Common Sleep Disorders in Adults & Tips for Treatment
Did you know that the average person spends one third of their life asleep? That is, if you can get to sleep in the first place.
It’s also true that 1 in 4 individuals suffer from some type of sleeping disorder, thus making the time their head hits the pillow an apprehensive struggle rather than a peaceful time of rest and relaxation.
While these statistics are widely known, what many people don’t realize is that many common sleep disorders are completely preventable and treatable if they’re caught and treated. The following are several of the most common sleep disorders and ways to treat and prevent them in the future.
Insomnia is difficult to explain in and of itself because it can be considered both a disorder and a symptom. For example, if you drink too much caffeine before going to bed, you may experience insomnia as a side effect.
Insomnia can be categorized into three categories depending on seriousness and length. The categories are Chronic, Acute, and Transient. Regardless what kind of insomnia one has, it is usually caused by stress and/or depression.
Control Your Sleep Environment
One way to treat insomnia is to control the environment in which you sleep. For example, you should avoid eating, studying, working, etc. on your bed. The bed was made to sleep on and associating it with other activities may cause insomnia.
Set The Alarm
Wake up at the same time regardless of if you have somewhere to be. Setting and sticking to a schedule will develop a sleep habit that allows the body to recognize when to fall asleep.
2. Delayed Sleep Phase Syndrome
Those that have a hard time falling asleep within the normal hours of the night are considered to have delayed sleep phase syndrome (DSPS). Those with DSPS fall asleep in the early morning hours and wake up in the early afternoon. Essentially, their sleep schedule is just moved back a few hours.
If someone with DSPS is able to stick to their sleep schedule, there really aren’t any other symptoms. However, most of us have work, school, or other activities that we have to be to before noon which makes DSPS difficult to deal with.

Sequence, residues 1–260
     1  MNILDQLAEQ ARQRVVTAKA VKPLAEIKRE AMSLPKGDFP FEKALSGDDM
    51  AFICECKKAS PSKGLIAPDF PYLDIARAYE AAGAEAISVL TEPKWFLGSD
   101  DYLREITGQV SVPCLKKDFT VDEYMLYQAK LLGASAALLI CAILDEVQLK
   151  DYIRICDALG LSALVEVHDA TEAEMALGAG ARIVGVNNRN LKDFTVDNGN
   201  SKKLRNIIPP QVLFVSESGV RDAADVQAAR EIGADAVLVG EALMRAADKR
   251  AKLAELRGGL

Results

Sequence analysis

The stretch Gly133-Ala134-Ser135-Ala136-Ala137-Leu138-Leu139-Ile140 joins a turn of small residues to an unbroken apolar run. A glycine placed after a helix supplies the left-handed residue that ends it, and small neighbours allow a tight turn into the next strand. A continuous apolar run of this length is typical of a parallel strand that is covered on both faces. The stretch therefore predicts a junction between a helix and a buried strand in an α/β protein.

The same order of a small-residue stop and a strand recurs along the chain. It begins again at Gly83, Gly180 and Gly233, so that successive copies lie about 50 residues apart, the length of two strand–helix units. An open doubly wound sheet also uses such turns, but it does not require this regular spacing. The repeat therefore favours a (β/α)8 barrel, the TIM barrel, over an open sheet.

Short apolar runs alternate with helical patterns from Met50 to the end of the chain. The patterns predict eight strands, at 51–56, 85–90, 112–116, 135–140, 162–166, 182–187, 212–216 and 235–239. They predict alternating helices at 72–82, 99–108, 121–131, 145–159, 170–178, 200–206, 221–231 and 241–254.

Stay Away From Stimulants
Caffeine, tobacco and alcohol are all substances that can affect sleep. While avoiding stimulants altogether may not seem possible or even 100% effective, it would only help to stay away from energy drinks, caffeinated beverages, cigarettes, and alcohol especially within 5 hours of hitting the sack.
Control your sleeping environment by changing the light. When it is early evening and the sun is just setting or the moon is bright, cover the windows and don’t let any light in. In the morning, have a bright light on a timer turn on to alert your mind that it’s morning.
3. Jet Lag
Whether you travel a lot or not, you have probably experienced some form of jet lag. Jet lag is typically encountered when traveling across multiple time zones. For example, a flight from Paris to New York lasts around 7 hours. Take into effect the time change (6 hours) and you really only lose one hour. So if you leave at 9AM, you will arrive at your destination at 10AM but 7 hours will have passed. You are ultimately adding hours to the day. Heading in the other direction is the same concept, but you are taking hours away from the day. This alters your sleep pattern and causes jet lag.
You can begin changing your sleep habits before you even get on the plane. Alter your sleep by a half hour each day. Just be sure you’re not affecting your work or school schedule.
Drink Water While in Flight
Dehydration can affect your sleeping habits. Make sure you drink plenty of water to avoid dehydration. Stay away from alcohol and carbonated beverages as they only contribute to dehydration.
Putting It All to Rest
When it comes to your body, sleep can be one of the most important aspects to maintaining a healthy lifestyle. When you are deprived of sleep, you are more likely to get sick, gain weight, gain stress or even become depressed.
Take sleep seriously by following these few guidelines that are there to help you avoid harmful and potentially dangerous sleep disorders. Sweet dreams!